No Seat at the Table: How Corporate Governance and Law Keep Women Out of the Boardroom
Douglas M. Branson
University of Pittsburgh School of Law
THE ROAD TO THE TOP: THE EVIDENCE, Chapter 7, NYU Press, 2007
U. of Pittsburgh Legal Studies Research Paper No. 2007-11
Based upon substantial numbers of women enrolling in MBA and law programs, from the 1970s onward expectations have been high. With 25 and later 36% female MBA matriculates, and 33% and later 49-51% in law, by the 21st Century the expectation was that great numbers of women would populate the CEO suites and boardrooms in the U.S. NO SEAT AT THE TABLE (NYU Press 2007) documents how the numbers lag badly behind the expectations, and how the reality lags further yet behind the numbers. Analyses of Fortune 500 proxy data, as the enclosed chapter demonstrates, produce scant reason to posit a reversal of the leaky pipe phenomenon any time soon. The number of women directors remains static, or grows only slowly, while the number of women trophy directors, those who 4 or more directorships, has increased rapidly. These and other factual findings support the proposition that the glass ceiling remains in place. NO SEAT AT THE TABLE explores explanations for women's failure to advance in the number one would have predicted. Further, NO SEAT AT THE TABLE offers suggestions both for women who wish to advance and for corporations which wish to facilitate entry of more women into the pool from which corporate directors may be chosen.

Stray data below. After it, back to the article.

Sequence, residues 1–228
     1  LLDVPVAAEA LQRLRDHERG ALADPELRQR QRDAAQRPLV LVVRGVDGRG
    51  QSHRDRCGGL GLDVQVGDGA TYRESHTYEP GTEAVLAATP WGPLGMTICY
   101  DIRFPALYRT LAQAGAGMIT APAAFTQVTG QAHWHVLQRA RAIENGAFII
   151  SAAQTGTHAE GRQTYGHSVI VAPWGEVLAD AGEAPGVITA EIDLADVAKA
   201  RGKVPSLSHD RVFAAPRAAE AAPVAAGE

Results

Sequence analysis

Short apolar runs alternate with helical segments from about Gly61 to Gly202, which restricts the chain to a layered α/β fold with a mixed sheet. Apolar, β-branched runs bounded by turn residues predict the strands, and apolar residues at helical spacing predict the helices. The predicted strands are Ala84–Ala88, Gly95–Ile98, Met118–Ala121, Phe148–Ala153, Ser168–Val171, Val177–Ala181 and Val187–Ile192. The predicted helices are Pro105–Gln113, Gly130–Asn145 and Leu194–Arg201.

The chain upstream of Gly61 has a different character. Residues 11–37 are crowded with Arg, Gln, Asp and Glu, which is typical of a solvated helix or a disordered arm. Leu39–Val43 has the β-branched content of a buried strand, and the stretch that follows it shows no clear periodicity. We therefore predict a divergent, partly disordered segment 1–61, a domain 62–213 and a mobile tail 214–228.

Number of Pages in PDF File: 19
Keywords: directors, women directors, corporate studies, women's studies, feminist jurisprudence
JEL Classification: G30, J49, J71, K22, L22, M14Accepted Paper Series
Date posted: November 25, 2006 ; Last revised: May 26, 2008
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